The professional is the person who has the skills to easily create hacks for a game, package them into an application, and distribute that application to cheaters, usually for some sort of profit. For these guys, it is quite literally their job (or side hustle) to make sure they can quickly and effectively maintain hacks so that their paying customers (cheaters) are happy. Whenever a new patch comes out that compromises all the hard work they put into a hack, it's a bad day at work for them. These are businessmen essentially, and holy Jeff, if you think cheaters from (1) are annoying in a match, imagine how annoying they must be as paying customers for these hacks. Yikes...
Lastly, we have the criminal, who, unfortunately, uses a relatively low-risk environment like video games to either learn or hone in on their hacking skills so that they can move on to larger and more profound things. Getting banned in a game is a heck of a lot better than having the FBI knock on your door.
Of course, you can mix or match these types, but, what are some of the motivations that can be shared by all of these people? Plenty, really. To name a few potential reasons:
Taking control away from someone else
Proving superior skill or intelligence
Experiencing the thrill of discovering security weak points
And, most importantly of all: because they can
It is this last bullet point that leads me into the next section. If we were to ask a hacker why they hacked our game, their response would simply be: "Why did you let me?"
Because they can.
One of our biggest issues on The Cycle: Frontier is quite simply that we have too many security weak points in both our client executables and backend services. We have some basic security measures in place and even things like BattlEye, but as any gamer is likely aware, these are not 100% effective solutions. So long as there is code written by humans, there will always be a way to bypass security measures and do things you were not meant to do.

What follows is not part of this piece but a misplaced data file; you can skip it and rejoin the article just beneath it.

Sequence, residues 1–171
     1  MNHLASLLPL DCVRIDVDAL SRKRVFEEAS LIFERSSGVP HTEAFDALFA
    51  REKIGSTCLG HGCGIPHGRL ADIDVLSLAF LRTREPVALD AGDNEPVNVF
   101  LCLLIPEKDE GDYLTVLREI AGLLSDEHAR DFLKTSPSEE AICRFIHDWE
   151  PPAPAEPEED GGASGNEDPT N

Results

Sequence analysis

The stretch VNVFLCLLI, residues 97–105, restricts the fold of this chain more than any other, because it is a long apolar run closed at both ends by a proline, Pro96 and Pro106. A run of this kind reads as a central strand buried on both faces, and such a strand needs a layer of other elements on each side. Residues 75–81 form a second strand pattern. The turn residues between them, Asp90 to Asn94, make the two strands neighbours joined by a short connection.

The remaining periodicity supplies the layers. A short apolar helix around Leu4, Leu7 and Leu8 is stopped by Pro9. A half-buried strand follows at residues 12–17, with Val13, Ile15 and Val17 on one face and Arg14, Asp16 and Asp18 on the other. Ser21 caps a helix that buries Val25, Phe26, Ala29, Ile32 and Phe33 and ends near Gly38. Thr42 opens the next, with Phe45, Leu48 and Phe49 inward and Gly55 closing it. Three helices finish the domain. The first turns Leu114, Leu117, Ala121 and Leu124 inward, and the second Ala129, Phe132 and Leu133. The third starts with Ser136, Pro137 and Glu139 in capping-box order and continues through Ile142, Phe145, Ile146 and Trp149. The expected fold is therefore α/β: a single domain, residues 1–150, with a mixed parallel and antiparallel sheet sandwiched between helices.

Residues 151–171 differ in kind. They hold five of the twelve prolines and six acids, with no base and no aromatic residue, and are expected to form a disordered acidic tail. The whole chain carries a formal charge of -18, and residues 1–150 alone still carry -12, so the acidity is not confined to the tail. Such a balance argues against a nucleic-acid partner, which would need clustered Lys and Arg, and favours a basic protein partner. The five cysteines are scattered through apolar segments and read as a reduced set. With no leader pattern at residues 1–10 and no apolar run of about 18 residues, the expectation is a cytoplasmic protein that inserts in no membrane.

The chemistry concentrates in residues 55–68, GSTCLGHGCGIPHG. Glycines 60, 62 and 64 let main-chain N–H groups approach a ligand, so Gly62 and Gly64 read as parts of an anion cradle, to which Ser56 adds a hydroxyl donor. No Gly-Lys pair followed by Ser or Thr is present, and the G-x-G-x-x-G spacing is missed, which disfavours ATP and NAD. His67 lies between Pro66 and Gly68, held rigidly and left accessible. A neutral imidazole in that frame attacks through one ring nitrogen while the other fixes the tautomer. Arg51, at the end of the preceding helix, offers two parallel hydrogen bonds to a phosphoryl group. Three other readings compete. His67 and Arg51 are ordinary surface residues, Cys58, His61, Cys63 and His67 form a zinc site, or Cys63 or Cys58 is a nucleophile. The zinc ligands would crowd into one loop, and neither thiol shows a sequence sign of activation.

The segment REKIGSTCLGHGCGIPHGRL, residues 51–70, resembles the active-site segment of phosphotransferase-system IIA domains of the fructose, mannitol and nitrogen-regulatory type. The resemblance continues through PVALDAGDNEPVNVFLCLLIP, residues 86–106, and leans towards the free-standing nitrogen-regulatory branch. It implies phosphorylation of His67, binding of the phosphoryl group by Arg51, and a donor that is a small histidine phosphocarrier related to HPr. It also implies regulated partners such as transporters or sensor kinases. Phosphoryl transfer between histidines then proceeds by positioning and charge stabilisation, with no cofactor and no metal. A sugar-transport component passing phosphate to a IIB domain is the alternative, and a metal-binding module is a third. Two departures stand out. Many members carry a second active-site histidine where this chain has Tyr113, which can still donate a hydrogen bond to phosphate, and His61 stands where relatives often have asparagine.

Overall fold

We are all incredibly passionate here at Yager and have largely spent the past several months since Closed Beta 1 trying to improve upon the gameplay experience for everyone based on all the great feedback that came pouring in last October. Compared to other studios working on similarly scoped live games, we are actually a relatively small team of engineers. And, for better or for worse, we decided to focus more on improving gameplay for Closed Beta 2 so that we could properly test and experiment with things in front of you before hardening our game and releasing. This very much does not mean that the security you see now will reflect the security that we intend to evolve for and after release.
Having said that, hackers gonna hack and admittedly, they did so far more viciously than we anticipated for this closed beta. That's our bad and trust us, we have learned from our mistakes. We are super proud of all the hard work we poured into the game to make a compelling experience for you all, but now it is time for us to make sure that other people cannot take that experience and completely ruin it.